“ If Philip front him with an English horn." "Malone. Thus also, in the old comedy of Grim the Collier of Croydon, (date unknown.)
- Unless your great infernal majesty
“ Hereafter still to wear the goodly horn." To take scorn is a phrase that occurs again in K. Henry VI. P. I. Act IV. iv: " And take foul scorn, to fawn on him by sending."
Enter ROSALIND and CELIA.
Ros. How say you now? Is it not past two o'clock ? and here much Orlando! 8
? The foregoing noisy scene was introduced only to fill up an interval, which is to represent two hours. This contraction of the time we might impute to poor Rosalind's impatience, but that a few minutes after we find Orlando sending his excuse. I do not see that by any probable division of the Acts this absurdity can be obviated. JOHNSON.
and here much Orlando!] Thus the old copy. Some of the modern editors read, but without the least authority :
I wonder much, Orlando is not here. STEEVENS. The word much should be explained. It is an expression of latitude, and taken in various senses. Here's much Orlandoi. e. Here is no Orlando, or we may look for him. We have still this use of it, as when we say, speaking of a person who we suspect will not keep his appointment, " Ay, you will be sure to see him there much!” WHALLEY.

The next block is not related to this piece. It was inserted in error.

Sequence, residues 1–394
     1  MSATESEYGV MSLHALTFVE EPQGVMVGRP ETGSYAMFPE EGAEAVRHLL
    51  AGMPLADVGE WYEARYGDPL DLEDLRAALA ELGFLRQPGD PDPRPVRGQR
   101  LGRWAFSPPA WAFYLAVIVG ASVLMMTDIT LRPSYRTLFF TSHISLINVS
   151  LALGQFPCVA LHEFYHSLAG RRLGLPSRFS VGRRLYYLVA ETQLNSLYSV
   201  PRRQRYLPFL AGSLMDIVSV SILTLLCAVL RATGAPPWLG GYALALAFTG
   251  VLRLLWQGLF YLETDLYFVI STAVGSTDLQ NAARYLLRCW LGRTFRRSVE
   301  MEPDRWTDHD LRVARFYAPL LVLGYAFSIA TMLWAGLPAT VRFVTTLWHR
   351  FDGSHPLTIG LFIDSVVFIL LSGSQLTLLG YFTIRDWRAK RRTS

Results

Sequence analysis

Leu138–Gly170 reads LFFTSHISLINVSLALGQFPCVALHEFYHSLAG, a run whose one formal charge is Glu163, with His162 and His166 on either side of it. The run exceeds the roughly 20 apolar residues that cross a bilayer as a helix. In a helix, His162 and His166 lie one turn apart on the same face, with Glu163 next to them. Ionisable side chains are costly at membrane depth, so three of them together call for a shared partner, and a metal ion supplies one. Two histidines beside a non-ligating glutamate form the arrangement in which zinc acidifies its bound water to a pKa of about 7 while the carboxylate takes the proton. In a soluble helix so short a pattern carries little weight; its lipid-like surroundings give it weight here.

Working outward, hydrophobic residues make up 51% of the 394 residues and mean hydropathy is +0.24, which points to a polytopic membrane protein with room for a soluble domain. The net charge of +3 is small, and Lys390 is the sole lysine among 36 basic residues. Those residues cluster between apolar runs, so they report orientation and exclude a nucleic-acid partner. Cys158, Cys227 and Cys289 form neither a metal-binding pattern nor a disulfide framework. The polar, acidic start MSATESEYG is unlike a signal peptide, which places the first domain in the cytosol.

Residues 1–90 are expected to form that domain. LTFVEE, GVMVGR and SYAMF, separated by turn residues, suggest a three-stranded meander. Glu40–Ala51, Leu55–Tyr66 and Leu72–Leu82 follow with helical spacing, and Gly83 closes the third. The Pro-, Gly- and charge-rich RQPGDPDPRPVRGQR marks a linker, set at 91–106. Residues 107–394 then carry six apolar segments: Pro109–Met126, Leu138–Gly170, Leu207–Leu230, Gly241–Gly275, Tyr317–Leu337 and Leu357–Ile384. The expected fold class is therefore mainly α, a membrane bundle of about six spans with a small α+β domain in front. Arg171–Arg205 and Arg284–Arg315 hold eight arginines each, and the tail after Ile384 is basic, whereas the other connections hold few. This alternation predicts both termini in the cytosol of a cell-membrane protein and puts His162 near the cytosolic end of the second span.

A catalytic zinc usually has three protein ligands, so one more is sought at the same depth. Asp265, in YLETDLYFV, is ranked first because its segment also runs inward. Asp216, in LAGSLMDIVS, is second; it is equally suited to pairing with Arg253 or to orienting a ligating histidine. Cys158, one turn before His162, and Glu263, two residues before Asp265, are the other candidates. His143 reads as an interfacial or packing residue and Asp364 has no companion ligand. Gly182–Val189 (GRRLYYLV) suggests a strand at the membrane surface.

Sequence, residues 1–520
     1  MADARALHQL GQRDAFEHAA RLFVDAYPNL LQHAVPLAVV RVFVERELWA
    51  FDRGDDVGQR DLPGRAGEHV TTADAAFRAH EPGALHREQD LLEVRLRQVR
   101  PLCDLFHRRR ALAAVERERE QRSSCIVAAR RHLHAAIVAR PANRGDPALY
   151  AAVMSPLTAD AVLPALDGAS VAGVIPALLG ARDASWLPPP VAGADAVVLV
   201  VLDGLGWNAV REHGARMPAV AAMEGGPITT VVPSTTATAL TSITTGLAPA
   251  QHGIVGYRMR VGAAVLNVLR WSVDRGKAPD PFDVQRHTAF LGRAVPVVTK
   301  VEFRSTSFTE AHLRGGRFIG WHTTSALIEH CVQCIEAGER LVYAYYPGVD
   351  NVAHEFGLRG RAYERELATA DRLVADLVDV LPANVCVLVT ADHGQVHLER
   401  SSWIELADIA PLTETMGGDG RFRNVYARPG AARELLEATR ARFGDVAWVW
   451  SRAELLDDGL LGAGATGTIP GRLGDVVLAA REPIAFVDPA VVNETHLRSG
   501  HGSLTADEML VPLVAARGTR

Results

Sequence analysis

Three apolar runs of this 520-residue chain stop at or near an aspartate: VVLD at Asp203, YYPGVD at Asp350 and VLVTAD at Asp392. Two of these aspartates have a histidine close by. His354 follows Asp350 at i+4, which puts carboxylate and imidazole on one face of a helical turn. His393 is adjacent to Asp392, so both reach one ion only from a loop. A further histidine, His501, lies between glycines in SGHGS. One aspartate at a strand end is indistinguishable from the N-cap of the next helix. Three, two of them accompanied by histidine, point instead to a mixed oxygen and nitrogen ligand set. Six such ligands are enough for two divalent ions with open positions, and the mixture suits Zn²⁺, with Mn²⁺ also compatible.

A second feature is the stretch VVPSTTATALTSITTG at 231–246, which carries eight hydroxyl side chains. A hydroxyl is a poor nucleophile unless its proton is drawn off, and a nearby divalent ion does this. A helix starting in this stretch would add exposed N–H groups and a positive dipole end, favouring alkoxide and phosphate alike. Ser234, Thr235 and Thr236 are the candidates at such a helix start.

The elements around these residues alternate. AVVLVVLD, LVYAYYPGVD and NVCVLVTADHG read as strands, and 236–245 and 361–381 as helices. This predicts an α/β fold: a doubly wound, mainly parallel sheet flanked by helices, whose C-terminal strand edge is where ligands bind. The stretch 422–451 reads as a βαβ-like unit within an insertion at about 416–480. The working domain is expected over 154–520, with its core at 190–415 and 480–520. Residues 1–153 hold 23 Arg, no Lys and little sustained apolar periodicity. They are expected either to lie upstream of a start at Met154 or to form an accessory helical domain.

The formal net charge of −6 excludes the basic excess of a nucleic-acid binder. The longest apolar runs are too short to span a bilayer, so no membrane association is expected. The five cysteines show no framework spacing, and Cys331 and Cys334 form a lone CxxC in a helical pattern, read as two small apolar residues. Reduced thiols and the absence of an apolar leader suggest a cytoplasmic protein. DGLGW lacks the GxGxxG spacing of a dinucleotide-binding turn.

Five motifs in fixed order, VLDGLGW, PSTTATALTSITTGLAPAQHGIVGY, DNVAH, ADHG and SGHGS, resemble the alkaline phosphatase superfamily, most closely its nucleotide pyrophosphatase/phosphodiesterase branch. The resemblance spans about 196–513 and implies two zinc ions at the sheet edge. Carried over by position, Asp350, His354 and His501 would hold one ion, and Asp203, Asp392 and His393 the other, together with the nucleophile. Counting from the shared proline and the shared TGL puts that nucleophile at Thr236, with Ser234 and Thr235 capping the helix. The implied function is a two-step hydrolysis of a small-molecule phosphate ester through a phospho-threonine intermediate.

So the vulgar yet say, “ I shall get much by that no doubt," meaning that they shall get nothing. MALONE.
Here much Orlando! is spoken ironically on Rosalind per. ceiving that Orlando had failed in his engagement.
HOLT WHITE. Much, in our author's time, was an expression denoting admiration. So, in King Henry IV. P. II. Act II. sc. iv:
“ What, with two points on your shoulder? much!” Again, in The Taming of a Shrew: “ 'Tis much !--Servant, leave me and her alone.”
MALONE. Much! was more frequently used to indicate disdain. See notes on the first of the two passages quoted by Mr. Malone.
CEL. I warrant you, with pure love, and troubled brain, he hath ta'en his bow and arrows, and is
gone forth—to sleep: Look, who comes here.
Sil. My errand is to you,
fair youth; My gentle Phebe bid me give you this :
[Giving a letter. I know not the contents; but, as I guess, By the stern brow, and waspish action Which she did use as she was writing of it, It bears an angry tenour: pardon me, I am but as a guiltless messenger.
Ros. Patience herself would startle at this letter, And play the swaggerer;' bear this, bear all: She says, I am not fair ; that I lack manners; She calls me proud ; and, that she could not love Were man as rare as phoenix ; Od's my will! Her love is not the hare that I do hunt: Why writes she so to me?-Well, shepherd, well, This is a letter of your own device.
Sil. No, I protest, I know not the contents; Phebe did write it. Ros.
Come, come, you are a fool, And turn'd into the extremity of love. I saw her hand: she has a leathern hand,
bid me -] The old copy redundantly reads- did bid STEEVENS. ' Patience herself would startle at this letter, And play the swaggerer ;] So, in Measure for Measure: " This would make mercy swear, and play the tyrant."